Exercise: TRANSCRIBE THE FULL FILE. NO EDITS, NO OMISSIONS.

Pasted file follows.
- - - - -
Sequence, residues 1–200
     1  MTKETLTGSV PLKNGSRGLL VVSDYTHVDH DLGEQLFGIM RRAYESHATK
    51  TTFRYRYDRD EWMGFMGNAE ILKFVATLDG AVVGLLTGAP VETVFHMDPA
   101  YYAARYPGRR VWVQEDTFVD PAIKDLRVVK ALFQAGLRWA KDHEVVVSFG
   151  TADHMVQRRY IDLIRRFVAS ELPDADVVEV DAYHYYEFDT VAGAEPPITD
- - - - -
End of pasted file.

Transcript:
Sequence, residues 1–200
     1  MTKETLTGSV PLKNGSRGLL VVSDYTHVDH DLGEQLFGIM RRAYESHATK
    51  TTFRYRYDRD EWMGFMGNAE ILKFVATLDG AVVGLLTGAP VETVFHMDPA
   101  YYAARYPGRR VWVQEDTFVD PAIKDLRVVK ALFQAGLRWA KDHEVVVSFG
   151  TADHMVQRRY IDLIRRFVAS ELPDADVVEV DAYHYYEFDT VAGAEPPITD